The Romans named them "the leaper." We have renamed them "endangered." Where have all our wild salmon gone?
For two centuries of European settlement, and 10,000 years before that, the annual spawning runs of millions of leaping silver salmon to natal rivers constituted a spectacular natural event, from Labrador south to New York.
In 2001, the Committee on the Status of Endangered Wildlife in Canada listed the Inner Bay of Fundy stocks of Atlantic salmon as an endangered species. More than 40,000 Atlantic salmon from 33 rivers draining into the bay simply disappeared after 1985. The collapse of those stocks has been absolute.
The rivers of Nova Scotia that drain directly into the Atlantic were once a Mecca for anglers from around the globe. Now, they no longer have sustainable runs of Atlantic salmon and have been closed to sportfishing-perhaps permanently.
Other areas of Atlantic Canada and Quebec have seen less dramatic declines, but Atlantic salmon are in very serious trouble indeed. In New England, the species is all but extirpated.
By the late 20th century, we had taken 200 years to reduce their original numbers by approximately 70 per cent, to 1.6 million.
Since the mid-1980s, however, we have seen their numbers plummet a further 65 per cent to a mere 565,000 individual fish. In several systems we are reduced to gene-banking in a desperate, last-ditch effort to prevent loss of those stocks forever.
The Government of Canada, through the Department of Fisheries and Oceans, has presided over this ecological disaster with little more than token remedial effort, and has declined to invest in either the science or the restorative efforts required. Yet salmon sportfishing is directly worth more than $200 million annually to the Eastern Canadian economy. New Brunswick alone has an estimated $200 million in capital investment tied up in the sport.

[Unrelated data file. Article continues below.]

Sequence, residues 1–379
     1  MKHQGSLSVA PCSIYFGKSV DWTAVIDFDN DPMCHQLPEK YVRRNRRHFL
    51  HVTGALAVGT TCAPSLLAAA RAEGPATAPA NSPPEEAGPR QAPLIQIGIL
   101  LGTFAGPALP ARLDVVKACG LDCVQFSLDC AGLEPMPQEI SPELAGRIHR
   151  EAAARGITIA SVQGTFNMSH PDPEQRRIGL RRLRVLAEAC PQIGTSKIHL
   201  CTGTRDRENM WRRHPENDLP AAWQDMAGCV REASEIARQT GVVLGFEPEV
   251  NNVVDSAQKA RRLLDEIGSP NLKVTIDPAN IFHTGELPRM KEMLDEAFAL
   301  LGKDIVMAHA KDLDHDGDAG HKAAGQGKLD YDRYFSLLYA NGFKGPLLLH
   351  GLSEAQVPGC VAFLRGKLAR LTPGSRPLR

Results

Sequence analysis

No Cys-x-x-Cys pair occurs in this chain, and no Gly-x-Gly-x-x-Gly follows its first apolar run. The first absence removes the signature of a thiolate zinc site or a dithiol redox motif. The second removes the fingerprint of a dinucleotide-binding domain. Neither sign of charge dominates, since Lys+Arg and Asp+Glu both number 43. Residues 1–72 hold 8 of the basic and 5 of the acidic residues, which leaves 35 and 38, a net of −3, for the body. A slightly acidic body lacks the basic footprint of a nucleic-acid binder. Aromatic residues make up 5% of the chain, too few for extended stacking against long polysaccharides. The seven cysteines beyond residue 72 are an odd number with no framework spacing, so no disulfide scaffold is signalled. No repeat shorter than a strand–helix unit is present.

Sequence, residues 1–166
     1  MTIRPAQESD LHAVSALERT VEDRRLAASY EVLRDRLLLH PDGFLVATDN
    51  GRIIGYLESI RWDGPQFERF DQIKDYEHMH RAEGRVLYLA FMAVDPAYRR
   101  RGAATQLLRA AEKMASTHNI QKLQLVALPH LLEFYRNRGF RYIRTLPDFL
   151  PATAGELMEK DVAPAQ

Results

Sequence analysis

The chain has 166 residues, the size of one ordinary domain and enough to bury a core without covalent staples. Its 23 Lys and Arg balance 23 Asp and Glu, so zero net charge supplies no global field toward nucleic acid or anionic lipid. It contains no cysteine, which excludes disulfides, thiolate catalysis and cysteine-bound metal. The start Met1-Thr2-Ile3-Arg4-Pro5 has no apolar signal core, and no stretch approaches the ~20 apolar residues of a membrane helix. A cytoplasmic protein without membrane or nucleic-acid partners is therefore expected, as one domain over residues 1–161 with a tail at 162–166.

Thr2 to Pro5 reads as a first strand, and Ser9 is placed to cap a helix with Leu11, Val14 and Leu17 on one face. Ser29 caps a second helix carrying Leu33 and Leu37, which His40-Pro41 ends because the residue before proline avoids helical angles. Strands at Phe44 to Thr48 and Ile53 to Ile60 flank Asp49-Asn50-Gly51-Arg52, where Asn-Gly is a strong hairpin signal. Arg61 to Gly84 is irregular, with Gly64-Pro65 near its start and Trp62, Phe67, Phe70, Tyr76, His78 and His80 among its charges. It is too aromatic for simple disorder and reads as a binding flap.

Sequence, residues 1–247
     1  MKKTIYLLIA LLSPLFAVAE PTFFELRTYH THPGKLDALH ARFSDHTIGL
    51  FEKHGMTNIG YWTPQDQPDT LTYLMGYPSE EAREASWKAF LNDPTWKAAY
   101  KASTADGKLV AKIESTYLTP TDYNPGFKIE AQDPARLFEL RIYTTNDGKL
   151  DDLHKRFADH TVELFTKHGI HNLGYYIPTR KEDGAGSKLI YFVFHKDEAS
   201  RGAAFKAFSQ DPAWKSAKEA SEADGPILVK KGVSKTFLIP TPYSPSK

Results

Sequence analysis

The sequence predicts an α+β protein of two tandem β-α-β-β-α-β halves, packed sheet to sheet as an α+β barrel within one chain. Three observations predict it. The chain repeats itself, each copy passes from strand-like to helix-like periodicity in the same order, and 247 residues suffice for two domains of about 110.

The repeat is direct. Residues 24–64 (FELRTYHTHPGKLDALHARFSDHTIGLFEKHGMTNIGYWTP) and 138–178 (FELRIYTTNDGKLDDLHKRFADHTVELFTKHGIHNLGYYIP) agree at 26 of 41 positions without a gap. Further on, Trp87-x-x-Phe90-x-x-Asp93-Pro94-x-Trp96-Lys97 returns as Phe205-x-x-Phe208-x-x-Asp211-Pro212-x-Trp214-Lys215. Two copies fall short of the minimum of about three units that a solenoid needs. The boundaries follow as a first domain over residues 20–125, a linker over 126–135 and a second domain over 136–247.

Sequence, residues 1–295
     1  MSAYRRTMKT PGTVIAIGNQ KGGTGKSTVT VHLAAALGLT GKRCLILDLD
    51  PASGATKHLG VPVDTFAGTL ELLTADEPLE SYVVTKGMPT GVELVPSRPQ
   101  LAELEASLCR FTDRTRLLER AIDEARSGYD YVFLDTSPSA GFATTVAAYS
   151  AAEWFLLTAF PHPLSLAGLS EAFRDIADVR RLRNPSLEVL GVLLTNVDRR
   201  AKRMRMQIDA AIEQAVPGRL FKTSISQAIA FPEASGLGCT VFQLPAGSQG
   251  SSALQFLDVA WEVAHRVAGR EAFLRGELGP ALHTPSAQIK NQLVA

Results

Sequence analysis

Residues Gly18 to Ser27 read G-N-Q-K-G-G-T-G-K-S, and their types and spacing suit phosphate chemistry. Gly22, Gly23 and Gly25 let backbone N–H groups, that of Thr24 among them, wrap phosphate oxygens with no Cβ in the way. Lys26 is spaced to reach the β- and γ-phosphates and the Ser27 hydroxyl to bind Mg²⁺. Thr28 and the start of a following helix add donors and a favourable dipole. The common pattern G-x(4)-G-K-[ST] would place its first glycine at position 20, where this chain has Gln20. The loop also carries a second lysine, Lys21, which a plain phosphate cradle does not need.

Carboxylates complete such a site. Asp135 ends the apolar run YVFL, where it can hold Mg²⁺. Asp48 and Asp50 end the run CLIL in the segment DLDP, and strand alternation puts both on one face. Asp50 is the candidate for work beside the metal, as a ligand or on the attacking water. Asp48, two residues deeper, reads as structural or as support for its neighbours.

The cynical political rationalization is that those funds will not be lost to the Canadian economy even if salmon are. Recreational spending will simply switch to activities like golf. The numbers of votes directly related to Atlantic salmon conservation are insignificant.
The cheap and plentiful salmon you see in your local grocery store are genetically manipulated (and chemically and ecologically controversial) pen-raised fish. Only aboriginal Canadians may now harvest wild Atlantic salmon-and that is also controversial given the plight of the species.
On the other side of the Atlantic, wild Atlantic salmon stocks have fared equally poorly.
Atlantic salmon are anadromous fish, meaning they return from the sea to breed in fresh water. They have been assaulted in both habitats.
For two centuries we have dammed rivers to generate power and diverted water otherwise, denying salmon access to their spawning grounds.
We have poisoned fresh water with all manner of chemical pollutants, including the acid rain that has utterly devastated rivers in Nova Scotia and Norway (the Norwegians are taking remedial action; we are not).
We have destroyed fresh-water habitat with poorly regulated forestry and farming practices and by highway construction and urban sprawl.
We netted on a commercial basis until there was almost nothing left to harvest. (In one particularly bizarre case of poor management, salmon from the Miramichi system in New Brunswick were being stocked in Cape Breton's Margaree River in order to try to sustain its lucrative sports fishery, while seven estuary nets continued to ravage the remnants of the river's own run.)
Disease and parasites directly related to open-sea salmon farming are known to have decimated wild salmon stocks in Norway, western Scotland and British Columbia (where, ironically, pen-raised Atlantic salmon are damaging wild Pacific stocks). The timing of salmon farm development in the Bay of Fundy and the subsequent decimation of wild salmon stocks is suspect, but no solid scientific case has yet been made.
Global warming is the most recent concern with rivers now regularly showing summer water temperatures fatal to spawning salmon.
Even more worrisome than the known causes, however, are the unknown contributing factors to salmon mortality at sea. We simply don't know.
Jim Gourlay, editor-in-chief of Saltscapes magazine, is a past president of the Nova Scotia Salmon Association and former editor of the Atlantic Salmon Journal.
Bill Curtsinger is a widely respected photographer who specializes in natural history, marine archaeology and underwater images.